Friday, February 20, 2009

"Twist and Shout" Plein Air, 9x9 inches, Williamston MI...

This painting is from the favorite swamp for a couple of years spanning 2006/07. The painting was an opportunity to isolate and simplify, something I didn't find easy when I initially was confronted with this subject.

The swamp was packed with mature trees and had been initially a woodland that was wet, became boggy and later was flooded as part of a county drain commission project to direct farm runoff.

Beautiful light on the tree forms, from the period of my peak painting here...

This information was given me by locals over the course of the first few months of painting there.

A condo project very nearby and a small subdivision within a half mile leads to walkers and bikers along the adjoining roadway. When painting here, my set up is highly visible me accessible to the local exercise gang.

I eventually heard the pieces of history that explained why there were so many large trees in such a wet location as well as why the trees in the far half of the swamp had been "topped", their upper third broken off – tornado.

This close looking and seeing, which are a large part of painting en plein air, and what a friend of mine says would make me a good biologist, also feed my curiosity in ways that distinguish me in conversations – people simply do not notice the world around them.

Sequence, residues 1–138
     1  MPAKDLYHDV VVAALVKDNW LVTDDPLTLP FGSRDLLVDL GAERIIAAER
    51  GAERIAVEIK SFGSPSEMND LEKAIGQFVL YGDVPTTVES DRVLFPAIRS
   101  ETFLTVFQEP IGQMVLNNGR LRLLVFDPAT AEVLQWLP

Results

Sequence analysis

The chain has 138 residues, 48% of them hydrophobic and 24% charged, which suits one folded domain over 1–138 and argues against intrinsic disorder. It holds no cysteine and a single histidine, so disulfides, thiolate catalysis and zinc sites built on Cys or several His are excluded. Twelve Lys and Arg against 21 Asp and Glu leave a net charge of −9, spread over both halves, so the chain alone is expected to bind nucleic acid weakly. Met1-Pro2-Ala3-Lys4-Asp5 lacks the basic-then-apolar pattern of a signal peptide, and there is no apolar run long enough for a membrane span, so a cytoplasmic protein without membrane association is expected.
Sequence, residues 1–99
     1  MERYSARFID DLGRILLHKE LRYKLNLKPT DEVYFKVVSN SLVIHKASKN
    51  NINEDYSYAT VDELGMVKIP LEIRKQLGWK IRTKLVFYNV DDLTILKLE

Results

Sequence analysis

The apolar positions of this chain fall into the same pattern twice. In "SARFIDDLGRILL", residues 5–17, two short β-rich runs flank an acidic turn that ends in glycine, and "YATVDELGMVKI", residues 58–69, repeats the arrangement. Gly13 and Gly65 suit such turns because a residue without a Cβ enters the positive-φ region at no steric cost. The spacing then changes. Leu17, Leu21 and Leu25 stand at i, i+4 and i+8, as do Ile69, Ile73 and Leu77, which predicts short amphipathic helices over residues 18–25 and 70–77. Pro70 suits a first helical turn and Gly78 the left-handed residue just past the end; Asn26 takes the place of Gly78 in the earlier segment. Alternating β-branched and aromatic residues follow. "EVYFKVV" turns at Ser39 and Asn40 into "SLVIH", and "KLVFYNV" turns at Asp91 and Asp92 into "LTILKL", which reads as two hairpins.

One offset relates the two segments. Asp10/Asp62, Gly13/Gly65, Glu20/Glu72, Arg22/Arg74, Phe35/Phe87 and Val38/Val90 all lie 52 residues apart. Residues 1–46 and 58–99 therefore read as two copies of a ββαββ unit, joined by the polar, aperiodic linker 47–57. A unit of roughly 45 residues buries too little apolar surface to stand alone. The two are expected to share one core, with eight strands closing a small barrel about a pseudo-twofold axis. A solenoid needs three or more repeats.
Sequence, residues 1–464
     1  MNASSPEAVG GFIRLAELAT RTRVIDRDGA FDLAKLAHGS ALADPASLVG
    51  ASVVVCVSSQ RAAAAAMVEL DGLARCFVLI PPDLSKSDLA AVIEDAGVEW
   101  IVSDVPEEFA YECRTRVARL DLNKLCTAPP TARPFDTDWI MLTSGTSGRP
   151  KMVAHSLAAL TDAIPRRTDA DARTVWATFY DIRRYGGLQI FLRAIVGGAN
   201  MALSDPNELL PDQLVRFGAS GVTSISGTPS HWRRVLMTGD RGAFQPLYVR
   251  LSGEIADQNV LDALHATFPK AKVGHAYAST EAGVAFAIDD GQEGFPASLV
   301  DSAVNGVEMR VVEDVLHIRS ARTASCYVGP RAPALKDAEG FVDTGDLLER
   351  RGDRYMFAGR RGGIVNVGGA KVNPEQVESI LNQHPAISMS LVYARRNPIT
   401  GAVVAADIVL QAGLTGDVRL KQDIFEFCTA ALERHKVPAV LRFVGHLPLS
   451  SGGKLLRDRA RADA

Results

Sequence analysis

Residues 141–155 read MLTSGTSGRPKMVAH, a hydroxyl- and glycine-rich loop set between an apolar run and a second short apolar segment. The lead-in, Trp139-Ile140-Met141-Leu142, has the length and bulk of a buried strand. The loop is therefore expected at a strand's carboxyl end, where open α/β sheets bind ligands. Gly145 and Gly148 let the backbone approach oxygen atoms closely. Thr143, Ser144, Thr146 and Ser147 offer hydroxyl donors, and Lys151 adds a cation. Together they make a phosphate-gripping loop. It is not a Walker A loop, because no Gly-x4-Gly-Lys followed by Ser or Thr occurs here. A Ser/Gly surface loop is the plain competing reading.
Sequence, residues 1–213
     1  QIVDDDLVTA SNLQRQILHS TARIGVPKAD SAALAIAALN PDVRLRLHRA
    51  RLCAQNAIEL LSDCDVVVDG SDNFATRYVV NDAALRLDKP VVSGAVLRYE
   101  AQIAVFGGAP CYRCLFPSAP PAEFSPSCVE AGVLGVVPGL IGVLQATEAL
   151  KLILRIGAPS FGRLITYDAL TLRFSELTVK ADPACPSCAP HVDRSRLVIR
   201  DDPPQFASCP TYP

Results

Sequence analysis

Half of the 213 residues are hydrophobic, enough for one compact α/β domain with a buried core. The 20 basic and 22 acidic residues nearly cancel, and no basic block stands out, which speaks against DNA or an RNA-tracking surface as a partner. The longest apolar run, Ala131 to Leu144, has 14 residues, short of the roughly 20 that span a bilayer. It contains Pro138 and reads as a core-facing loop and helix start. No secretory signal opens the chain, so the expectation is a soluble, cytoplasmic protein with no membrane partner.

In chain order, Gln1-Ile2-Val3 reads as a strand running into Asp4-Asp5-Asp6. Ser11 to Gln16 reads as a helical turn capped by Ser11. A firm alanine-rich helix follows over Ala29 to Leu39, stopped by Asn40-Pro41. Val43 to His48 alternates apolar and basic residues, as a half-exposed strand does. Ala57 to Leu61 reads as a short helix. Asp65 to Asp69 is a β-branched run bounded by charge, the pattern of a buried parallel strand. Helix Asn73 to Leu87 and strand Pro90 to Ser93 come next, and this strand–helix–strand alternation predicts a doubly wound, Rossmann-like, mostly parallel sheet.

But I've found that folks do notice when the details of beauty are present in a familiar subject but interpreted, focused upon. Reading how the brain works, how the nervous system functions, and the tracks of evolution and perception's biases, leads me to see an artist's successful isolation, composition and deployment of their materials as far more complicated than I would have thought...the things we do easily appear less complicated.

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